Focus on reducing stagnant water in anti-mozzie fight

I live in a house surrounded by nine bungalows, most of which have contractors that carry out weekly anti-mosquito chemical fogging.

Hardly a day goes by without the toxic fog permeating my house, unless I am informed ahead of the fogging and given the opportunity to close my windows.

Sometimes, I do not know of the fogging until I hear the noise and smell the foul smoke.

For many years, mosquitoes were aplenty in my neighbourhood despite the regular fogging.

The mosquitoes were breeding in about 40 scupper drains, which had stagnant water caused by falling leaves, which caused obstructions.

Eventually, about three years ago, two site meetings were organised with representatives from the National Environment Agency, the Land Transport Authority and the Public Works Department.

It was decided that the scupper drains would be covered and replaced with large buried pipes to drain the road surface water into the monsoon drain.

Since then, my neighbourhood has practically been mosquito-free.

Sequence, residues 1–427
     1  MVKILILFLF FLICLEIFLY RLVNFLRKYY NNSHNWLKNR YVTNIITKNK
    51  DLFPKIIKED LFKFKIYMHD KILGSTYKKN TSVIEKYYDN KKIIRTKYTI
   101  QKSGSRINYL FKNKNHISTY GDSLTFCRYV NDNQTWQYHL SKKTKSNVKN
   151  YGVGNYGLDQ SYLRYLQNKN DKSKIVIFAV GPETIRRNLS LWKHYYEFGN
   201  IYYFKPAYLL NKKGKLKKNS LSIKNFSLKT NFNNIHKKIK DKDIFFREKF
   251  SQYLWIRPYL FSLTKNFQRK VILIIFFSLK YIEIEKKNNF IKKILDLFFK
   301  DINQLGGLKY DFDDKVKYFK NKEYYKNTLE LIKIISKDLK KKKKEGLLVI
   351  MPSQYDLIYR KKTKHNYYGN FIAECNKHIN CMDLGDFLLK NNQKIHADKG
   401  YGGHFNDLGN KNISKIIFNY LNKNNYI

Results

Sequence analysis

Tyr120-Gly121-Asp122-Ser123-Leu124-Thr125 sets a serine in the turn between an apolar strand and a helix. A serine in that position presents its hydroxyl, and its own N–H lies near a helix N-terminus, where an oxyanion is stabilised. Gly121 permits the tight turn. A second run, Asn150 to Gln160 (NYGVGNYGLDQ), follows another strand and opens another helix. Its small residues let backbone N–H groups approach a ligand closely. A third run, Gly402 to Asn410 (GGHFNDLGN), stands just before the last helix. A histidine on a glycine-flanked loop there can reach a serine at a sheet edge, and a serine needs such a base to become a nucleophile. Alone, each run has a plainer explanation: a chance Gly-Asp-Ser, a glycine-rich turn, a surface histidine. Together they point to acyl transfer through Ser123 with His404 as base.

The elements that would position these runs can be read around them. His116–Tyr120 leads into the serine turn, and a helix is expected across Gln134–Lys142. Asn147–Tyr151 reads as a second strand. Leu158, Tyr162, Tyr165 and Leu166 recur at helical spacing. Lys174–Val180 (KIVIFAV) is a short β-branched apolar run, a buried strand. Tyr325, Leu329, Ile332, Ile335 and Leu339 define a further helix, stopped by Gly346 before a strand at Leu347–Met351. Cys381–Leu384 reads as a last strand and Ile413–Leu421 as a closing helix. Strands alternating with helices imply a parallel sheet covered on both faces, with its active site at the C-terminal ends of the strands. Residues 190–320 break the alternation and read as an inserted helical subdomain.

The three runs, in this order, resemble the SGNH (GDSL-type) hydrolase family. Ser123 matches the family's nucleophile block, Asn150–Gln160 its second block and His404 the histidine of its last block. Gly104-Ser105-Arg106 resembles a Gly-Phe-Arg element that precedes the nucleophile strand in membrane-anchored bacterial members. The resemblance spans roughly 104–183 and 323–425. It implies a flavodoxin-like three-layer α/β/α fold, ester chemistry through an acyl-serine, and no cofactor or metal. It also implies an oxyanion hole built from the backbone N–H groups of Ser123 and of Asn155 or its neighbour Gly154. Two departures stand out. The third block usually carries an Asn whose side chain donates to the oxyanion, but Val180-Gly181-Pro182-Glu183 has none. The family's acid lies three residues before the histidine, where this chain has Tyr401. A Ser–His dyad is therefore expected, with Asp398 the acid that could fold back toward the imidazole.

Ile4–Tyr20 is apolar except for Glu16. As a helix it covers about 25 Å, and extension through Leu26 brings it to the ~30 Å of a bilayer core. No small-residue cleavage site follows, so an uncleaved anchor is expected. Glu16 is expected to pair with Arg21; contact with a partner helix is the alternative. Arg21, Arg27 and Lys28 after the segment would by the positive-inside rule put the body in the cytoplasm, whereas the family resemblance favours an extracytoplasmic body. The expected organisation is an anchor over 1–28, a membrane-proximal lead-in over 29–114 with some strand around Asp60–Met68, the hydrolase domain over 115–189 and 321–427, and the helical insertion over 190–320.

This is proof that the way to control mosquito breeding is by eliminating stagnant water.

The active chemical used in fogging is cypermethrin, which is a neurotoxin and a carcinogen.

In animals, it can cause neurological diseases, cancer and fetal problems.

Cypermethrin is also banned in Canada as an insecticide.

I hope National Environment Agency will concentrate on eliminating stagnant water and not condone chemical fogging.

The public should not be subject to toxic air pollution.

Ong Siew Chey (Dr)

A version of this article appeared in the print edition of The Straits Times on December 15, 2017, with the headline 'Focus on reducing stagnant water in anti-mozzie fight'. Print Edition | Subscribe